Monday, December 15, 2014

Today's headlines: Guerrero gets uglier, the peso gets weaker, and the Federal District gets closer to disappearing

Milenio (“CETEG beats and holds three federal place officers hostage”) and La Jornada (“Confrontations in Chilpancingo leave 22 injured”) both lead with the violence in the state capital of Guerrero that caused the cancellation of a scheduled concert in support of the 43 teacher trainees who were murdered in Iguala last September. The trouble —not hard to see coming — was precipitated either by members of the radical education workers organization CETEG, or the federales themselves, or both, depending on whom you believe. The number of injured has since been put at 25 — 17 civilians and eight officers, as well as three buses incinerated by the ceteguistas. One of the beaten cops is undergoing brain surgery .

La Jornada’s second front page story carries the header “Senate committees endorse DF political reform,” which is also Reforma’s No. 2, with a similar title. Passage in committee means the reform could go to a full Senate vote as early as today (Monday). This is major: If the change is implemented, the Federal District (essentially Mexico City), would sever its last structural links with the federal apparatus and probably become the 32nd state. Moreover, the plan calls for the formation of an elected assembly charged with forging a constitution for the new entity. Mexico City is notably more progressive than the rest of the nation, so its charter could serve as a model — or, if you prefer, a warning —if the nascent movement for a new national constitution ever picks up steam. (What might be the name of the new state? State of Mexico is taken. Anáhuac? Chilango?)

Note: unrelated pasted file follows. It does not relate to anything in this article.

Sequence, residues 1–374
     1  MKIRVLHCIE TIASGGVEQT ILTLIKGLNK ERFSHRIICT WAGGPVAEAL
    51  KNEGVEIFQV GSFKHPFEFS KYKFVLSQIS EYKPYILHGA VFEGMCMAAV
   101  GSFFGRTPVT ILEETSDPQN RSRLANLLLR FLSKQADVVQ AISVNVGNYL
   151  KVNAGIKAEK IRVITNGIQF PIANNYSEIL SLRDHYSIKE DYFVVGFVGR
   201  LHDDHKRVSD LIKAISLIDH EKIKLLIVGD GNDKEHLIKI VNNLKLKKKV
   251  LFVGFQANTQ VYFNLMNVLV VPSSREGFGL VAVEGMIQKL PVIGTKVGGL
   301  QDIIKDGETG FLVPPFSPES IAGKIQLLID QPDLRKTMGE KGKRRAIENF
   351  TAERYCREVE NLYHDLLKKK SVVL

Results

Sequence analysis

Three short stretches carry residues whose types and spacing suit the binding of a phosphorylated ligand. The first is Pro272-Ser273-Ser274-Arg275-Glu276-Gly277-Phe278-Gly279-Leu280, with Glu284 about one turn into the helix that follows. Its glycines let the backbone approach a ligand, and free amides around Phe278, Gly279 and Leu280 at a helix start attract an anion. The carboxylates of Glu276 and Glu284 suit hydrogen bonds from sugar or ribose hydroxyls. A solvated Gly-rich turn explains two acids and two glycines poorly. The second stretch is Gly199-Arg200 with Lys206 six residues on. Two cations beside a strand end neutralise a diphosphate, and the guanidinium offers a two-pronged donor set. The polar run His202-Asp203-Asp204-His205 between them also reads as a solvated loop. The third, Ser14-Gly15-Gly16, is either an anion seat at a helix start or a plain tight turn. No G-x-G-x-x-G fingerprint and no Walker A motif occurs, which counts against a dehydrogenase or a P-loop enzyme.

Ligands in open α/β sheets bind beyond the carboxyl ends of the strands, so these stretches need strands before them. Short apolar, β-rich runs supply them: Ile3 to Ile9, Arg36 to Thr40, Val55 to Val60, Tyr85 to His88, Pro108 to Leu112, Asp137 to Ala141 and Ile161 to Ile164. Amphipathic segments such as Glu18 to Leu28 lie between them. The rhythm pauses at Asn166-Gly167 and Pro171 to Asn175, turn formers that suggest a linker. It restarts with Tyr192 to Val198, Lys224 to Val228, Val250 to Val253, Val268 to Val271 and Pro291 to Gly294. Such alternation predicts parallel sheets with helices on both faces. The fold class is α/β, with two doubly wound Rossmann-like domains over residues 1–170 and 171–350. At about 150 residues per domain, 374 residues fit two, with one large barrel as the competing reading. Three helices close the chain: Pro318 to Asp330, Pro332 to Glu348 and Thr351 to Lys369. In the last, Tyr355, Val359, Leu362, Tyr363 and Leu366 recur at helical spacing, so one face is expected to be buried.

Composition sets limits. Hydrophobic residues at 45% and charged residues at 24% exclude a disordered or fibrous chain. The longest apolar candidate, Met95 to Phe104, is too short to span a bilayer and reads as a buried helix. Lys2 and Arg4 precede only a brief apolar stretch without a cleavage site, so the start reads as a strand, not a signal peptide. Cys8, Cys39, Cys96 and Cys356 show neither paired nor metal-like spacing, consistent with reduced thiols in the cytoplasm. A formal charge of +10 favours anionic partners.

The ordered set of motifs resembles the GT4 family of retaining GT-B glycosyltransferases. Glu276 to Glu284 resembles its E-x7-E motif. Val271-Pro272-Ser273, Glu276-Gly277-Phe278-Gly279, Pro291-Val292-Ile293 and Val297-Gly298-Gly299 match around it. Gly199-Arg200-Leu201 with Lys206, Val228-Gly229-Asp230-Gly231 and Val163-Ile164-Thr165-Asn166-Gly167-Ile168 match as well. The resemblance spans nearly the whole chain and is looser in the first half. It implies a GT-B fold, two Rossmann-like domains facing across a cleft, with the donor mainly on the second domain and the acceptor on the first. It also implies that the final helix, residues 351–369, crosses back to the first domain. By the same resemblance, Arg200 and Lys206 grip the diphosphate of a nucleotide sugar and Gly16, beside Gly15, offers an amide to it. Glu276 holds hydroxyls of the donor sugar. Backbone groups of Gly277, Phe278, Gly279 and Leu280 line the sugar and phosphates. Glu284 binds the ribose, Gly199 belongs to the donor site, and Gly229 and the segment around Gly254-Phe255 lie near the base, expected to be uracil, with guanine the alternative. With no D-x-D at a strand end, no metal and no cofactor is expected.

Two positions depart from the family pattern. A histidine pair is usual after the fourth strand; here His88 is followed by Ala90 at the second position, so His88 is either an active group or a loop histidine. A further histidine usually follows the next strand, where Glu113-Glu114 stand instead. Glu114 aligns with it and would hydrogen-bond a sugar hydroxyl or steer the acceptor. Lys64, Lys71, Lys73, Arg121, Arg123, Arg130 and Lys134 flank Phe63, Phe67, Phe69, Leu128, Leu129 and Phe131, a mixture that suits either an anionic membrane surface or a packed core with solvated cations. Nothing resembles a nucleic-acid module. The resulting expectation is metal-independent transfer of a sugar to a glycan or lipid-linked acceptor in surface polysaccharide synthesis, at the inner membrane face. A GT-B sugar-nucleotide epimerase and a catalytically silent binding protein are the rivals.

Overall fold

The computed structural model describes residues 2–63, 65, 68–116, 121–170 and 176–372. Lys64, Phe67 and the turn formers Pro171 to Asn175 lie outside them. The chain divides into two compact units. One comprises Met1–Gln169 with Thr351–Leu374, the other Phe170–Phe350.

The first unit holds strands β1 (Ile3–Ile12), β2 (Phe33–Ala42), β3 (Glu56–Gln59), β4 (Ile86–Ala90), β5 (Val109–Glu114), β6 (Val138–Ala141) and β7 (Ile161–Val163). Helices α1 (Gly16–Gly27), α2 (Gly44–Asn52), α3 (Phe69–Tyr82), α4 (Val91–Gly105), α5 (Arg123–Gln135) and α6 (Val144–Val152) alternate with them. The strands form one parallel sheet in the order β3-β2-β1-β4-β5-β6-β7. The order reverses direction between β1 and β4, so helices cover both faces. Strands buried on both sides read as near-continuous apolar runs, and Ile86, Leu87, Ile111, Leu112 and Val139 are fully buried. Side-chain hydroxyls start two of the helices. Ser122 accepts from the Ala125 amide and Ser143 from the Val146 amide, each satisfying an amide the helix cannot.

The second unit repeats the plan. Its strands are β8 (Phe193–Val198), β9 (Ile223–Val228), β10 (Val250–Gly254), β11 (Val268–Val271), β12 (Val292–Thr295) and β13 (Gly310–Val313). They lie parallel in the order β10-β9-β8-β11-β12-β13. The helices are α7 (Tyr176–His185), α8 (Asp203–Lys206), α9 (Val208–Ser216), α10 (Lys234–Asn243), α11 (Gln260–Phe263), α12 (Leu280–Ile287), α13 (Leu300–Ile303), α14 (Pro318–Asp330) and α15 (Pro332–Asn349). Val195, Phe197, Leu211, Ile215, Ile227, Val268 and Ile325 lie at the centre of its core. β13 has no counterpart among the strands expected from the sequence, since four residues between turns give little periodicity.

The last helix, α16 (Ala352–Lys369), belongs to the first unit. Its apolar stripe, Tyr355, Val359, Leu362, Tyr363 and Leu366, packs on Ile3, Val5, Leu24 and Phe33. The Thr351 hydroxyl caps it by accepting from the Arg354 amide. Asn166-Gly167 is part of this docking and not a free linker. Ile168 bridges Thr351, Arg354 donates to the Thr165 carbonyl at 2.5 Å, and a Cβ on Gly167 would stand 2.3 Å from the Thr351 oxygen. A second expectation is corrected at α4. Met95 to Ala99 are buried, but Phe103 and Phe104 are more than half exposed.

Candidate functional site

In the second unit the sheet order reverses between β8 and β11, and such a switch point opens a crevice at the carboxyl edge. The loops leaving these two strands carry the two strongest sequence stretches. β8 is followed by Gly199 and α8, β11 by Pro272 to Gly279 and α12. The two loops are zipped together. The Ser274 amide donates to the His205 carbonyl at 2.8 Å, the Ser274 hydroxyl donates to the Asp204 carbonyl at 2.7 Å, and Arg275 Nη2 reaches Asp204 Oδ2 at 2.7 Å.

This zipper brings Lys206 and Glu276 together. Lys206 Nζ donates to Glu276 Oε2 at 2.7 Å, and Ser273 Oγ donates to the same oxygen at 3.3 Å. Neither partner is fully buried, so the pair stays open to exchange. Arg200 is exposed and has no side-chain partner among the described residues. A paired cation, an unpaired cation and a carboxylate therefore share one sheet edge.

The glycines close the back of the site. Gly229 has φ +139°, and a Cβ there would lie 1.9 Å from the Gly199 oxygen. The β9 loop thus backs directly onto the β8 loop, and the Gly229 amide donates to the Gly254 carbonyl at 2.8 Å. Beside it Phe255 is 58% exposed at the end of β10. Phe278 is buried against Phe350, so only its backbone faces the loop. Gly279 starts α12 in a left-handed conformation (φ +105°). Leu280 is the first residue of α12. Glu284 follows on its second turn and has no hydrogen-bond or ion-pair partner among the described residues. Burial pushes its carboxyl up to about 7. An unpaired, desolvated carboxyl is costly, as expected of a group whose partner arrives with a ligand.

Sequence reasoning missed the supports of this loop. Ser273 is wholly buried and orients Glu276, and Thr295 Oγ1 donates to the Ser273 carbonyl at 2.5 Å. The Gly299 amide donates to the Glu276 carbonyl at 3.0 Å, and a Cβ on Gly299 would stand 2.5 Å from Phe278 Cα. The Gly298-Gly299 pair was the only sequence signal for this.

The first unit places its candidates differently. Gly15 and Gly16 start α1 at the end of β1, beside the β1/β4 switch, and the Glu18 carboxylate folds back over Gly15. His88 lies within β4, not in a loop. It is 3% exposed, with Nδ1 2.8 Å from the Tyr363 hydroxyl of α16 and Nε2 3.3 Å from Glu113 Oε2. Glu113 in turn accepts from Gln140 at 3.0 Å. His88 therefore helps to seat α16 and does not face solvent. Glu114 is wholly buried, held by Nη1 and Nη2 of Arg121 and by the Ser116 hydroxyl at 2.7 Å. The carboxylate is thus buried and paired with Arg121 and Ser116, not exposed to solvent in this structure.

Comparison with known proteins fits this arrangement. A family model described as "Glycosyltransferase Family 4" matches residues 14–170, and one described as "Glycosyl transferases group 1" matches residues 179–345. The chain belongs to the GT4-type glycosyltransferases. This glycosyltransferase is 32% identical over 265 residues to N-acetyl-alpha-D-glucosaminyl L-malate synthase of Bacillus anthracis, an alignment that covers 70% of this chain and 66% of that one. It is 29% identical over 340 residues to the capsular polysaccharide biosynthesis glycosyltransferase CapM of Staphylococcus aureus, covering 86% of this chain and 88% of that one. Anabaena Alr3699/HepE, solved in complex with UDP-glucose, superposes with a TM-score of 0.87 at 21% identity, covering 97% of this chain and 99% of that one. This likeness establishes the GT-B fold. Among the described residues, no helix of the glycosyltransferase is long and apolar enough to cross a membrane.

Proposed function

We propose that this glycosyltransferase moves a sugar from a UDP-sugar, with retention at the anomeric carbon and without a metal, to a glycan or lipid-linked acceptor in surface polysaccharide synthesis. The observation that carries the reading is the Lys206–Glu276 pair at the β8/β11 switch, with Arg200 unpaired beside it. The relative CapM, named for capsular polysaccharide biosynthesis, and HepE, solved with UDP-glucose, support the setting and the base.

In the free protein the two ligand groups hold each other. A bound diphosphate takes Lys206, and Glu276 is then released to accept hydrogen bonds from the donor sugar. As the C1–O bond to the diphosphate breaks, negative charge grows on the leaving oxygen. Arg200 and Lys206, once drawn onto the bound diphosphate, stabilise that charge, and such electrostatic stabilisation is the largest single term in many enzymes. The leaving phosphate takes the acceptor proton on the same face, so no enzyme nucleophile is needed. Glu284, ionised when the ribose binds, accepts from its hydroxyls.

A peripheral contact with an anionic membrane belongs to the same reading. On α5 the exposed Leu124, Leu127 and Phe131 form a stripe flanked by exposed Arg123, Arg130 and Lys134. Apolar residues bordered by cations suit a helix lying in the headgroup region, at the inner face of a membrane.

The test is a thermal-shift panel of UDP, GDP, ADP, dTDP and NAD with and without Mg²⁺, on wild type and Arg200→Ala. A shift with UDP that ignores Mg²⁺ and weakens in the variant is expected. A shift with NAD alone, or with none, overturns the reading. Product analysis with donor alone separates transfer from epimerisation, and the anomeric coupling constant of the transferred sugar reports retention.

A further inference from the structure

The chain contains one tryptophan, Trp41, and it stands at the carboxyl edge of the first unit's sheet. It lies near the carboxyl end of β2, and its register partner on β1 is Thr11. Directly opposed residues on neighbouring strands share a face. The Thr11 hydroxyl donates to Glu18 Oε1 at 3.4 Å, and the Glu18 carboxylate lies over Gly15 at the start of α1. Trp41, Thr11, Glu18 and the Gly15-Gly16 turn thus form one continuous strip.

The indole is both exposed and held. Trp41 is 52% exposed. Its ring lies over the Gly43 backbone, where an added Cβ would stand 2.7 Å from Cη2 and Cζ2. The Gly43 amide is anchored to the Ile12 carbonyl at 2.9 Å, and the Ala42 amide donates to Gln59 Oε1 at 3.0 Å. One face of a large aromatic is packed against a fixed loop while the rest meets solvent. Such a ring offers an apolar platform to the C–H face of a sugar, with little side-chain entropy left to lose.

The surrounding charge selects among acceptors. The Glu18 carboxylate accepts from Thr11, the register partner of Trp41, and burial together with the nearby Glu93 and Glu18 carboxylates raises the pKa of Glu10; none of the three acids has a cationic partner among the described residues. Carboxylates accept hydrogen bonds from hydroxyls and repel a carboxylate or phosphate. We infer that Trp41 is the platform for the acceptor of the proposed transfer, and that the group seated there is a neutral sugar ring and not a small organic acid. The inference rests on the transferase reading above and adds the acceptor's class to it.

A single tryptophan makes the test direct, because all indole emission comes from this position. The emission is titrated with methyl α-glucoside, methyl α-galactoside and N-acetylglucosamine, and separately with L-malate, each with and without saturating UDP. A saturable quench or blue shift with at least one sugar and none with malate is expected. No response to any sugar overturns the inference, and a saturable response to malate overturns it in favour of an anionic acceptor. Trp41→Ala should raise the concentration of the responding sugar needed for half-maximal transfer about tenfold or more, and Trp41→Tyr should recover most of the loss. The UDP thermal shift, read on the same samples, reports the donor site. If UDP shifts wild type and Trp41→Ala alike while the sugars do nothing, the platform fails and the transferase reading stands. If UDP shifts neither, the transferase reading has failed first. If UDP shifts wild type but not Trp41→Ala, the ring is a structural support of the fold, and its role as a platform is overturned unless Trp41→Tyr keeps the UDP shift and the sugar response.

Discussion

EL Universal covers the Chilpancingo violence extensively, but its lead story is an interview with the governor of Morelos, a state that borders both Guerrero and the Federal District: “Guerrillas and drug traffickers linked: Graco Ramírez.” (It’s common for all the dailies to give exclusivity priority over breaking news value.) Despite the title, Ramírez mostly warns us of the growing phenomenon of the “narcoestado,” with organized crime infiltrating local governments regardless of the party that runs them, including in his own state. The line between drug mafias and clandestine guerrilla groups has blurred, he said, as happened in Colombia. His prognosis is not rosy: “Shots haven’t been fired but they will be. These people have a lot of guns.”

Reforma, where it doesn’t need to bleed to lead, puts this ho-hummer on top: “Senate fails to curb debt.” The story: States and local governments are going through a debt crisis that the federal Congress has been trying to deal with, unsuccessfully, for more than a year. La Jornada reefers on the front-page, and all the dailies run somewhere, this: “Peso recovery not until mid-2015: analysts.” The peso had stayed around 12.50-13.50 to the dollar for several years, but has weakened in recent weeks to the point that it took 15 of them to get  you a dollar on Friday. It’s still near that mark. That’s good news if you’re earning dollars. But if you’re trying to make ends meet in this country, not so much.

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